After the World Cup: Germany's economy is up, but soccer is down
Wednesday, November 22nd 2006, 12:56 pm
News On 6
BERLIN (AP) _ More than four months after the World Cup, the German economy is rising, but the same can hardly be said for the country's soccer.
The world's biggest sports event ended July 9 in Berlin, and now Germany is grappling with contradictions as it tries to assess the tournament's lasting impact.
The first-division Bundesliga is averaging a record 38,985 fans this season, although the quality of play leaves much to be desired. In the lower leagues, stadium violence has become alarming, and politicians and police are trying to regain control.
``The atmosphere in the stadiums is better than the performances,'' said Franz Beckenbauer, head of Germany's World Cup effort. ``But the World Cup is still with us, even if the euphoria couldn't last.''
Bayern Munich, off to its worst Bundesliga start in 32 years, is just one of the clubs booed for weeks by home fans because of uninspired play.
In Europe, the league is suffering. Just four German teams are left in the Champions League and UEFA Cup _ two in each competition _ and none is considered a title favorite.
Germany's economy, by contrast, is doing just fine in Europe and elsewhere behind strong export sales.
``The upswing remains intact,'' Andreas Rees, an economist for UniCredit bank, said Tuesday.
How much a humming economy and lower unemployment rate can be attributed to a World Cup is another matter.
``We may never be able to answer that question,'' Ifo Institute economist Gernot Nerb said. ``The economy is not a physics experiment. You just can't take it into the laboratory and isolate one factor.''
The one bright spot in the country's soccer is the performance of the national team. Its young players, who finished third at the World Cup, so electrified the Germans they got caught up in flag-waving not seen since World War II.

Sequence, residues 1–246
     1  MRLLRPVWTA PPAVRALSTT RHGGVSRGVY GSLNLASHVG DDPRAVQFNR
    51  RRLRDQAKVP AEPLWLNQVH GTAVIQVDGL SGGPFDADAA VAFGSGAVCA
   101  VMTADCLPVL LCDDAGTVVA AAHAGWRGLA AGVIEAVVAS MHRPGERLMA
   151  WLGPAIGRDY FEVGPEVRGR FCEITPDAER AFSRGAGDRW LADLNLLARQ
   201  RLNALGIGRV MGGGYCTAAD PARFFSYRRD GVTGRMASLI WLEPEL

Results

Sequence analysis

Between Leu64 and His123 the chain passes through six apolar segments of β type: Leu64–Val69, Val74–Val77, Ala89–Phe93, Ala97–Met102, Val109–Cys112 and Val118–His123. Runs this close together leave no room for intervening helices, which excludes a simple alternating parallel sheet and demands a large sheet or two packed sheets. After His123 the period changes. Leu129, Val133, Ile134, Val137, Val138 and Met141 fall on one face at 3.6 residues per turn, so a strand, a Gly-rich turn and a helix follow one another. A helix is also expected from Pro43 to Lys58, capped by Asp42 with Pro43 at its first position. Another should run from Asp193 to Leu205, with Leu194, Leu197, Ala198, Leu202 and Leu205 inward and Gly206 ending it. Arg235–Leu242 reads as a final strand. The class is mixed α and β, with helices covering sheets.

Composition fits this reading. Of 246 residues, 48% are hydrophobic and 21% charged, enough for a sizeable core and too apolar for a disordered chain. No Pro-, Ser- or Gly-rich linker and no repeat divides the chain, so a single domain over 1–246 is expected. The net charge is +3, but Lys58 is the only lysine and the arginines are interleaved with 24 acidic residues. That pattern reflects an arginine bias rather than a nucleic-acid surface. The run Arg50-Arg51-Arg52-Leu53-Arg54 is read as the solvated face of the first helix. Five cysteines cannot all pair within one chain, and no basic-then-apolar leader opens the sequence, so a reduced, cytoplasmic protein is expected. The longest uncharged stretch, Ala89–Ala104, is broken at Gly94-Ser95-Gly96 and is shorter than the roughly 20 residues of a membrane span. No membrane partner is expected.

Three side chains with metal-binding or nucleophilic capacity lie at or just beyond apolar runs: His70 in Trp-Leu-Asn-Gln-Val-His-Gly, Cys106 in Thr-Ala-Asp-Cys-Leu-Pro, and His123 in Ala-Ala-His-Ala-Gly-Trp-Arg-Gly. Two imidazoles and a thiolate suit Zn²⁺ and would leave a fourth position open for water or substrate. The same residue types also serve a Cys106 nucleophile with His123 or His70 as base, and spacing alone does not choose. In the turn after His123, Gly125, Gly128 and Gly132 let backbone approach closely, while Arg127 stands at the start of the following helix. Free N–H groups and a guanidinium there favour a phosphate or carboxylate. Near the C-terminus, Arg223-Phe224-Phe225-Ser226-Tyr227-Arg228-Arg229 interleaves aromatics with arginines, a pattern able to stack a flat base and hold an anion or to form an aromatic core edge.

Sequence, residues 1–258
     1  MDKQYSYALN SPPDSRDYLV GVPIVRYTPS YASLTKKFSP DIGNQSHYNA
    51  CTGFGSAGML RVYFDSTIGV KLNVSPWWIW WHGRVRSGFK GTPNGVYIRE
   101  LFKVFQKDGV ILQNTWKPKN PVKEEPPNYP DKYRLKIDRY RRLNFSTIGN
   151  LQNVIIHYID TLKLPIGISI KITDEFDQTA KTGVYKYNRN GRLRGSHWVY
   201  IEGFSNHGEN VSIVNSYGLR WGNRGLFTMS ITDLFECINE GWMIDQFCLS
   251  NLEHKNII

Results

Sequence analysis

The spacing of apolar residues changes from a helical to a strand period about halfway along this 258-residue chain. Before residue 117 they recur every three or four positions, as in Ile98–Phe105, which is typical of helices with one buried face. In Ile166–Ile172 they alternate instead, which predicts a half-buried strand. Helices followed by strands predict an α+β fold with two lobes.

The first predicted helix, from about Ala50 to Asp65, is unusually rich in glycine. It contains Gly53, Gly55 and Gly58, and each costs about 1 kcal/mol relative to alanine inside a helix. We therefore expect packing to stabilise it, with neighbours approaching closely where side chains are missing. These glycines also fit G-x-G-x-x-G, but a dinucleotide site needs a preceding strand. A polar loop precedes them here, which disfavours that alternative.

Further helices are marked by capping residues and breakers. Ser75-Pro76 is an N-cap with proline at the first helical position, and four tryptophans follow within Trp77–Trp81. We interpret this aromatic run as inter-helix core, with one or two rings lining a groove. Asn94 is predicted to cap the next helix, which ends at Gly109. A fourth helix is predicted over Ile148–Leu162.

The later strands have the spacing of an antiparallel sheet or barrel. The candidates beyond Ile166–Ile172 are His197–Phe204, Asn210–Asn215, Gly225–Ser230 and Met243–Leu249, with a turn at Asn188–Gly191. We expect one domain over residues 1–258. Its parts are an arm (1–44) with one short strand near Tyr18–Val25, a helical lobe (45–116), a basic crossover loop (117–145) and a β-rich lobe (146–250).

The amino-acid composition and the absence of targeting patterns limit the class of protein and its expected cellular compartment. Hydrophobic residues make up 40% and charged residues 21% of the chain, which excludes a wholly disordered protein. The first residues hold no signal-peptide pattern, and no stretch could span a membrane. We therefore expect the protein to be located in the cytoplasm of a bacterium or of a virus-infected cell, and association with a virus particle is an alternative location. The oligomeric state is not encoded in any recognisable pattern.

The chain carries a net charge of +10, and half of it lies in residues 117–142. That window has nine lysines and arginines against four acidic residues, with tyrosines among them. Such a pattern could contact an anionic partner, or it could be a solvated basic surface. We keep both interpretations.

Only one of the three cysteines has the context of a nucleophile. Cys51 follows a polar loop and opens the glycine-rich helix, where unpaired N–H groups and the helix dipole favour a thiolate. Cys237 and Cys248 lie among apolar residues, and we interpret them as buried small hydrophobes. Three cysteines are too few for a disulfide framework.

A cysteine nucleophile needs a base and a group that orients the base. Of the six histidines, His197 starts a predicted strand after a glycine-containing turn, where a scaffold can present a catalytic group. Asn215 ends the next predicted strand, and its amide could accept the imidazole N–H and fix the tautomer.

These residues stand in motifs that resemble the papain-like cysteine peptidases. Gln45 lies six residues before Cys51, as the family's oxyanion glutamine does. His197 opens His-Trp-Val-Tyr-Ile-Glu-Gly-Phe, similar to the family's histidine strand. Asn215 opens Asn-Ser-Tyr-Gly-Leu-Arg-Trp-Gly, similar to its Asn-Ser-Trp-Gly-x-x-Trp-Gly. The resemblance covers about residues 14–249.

Under Joachim Loew, successor to Juergen Klinsmann, the team is 5-0 with a 23-1 goal difference. That total was padded by a European qualifying record 13-0 rout of San Marino.
The only German team that seems to benefit from that is Werder Bremen, which plays the Bundesliga's most exciting football behind seven Germany starters, led by leading World Cup scorer Miroslav Klose.
Bremen, although now a point off the Bundesliga lead, generated 22 goals in a recent streak of five wins and has a chance to advance out of Champions League group play at the expense of defending champion FC Barcelona.
Germany turned a profit of $116 million from the World Cup, but now others want a share of the spoils.
The police union demanded the money be used to pay for the huge force required for the World Cup, which drew 2 million visitors. Officers registered 70,000 hours of overtime, working nonstop.
FIFA president Sepp Blatter wants the money allocated to control the violence in German stadiums, escalating since the largely peaceful World Cup. Nearly every weekend, police are injured in clashes with troublemakers, referees are attacked and dark-skinned players are taunted with racist chants.
``The money is needed _ or a part of the money _ to master the situation,'' Blatter said.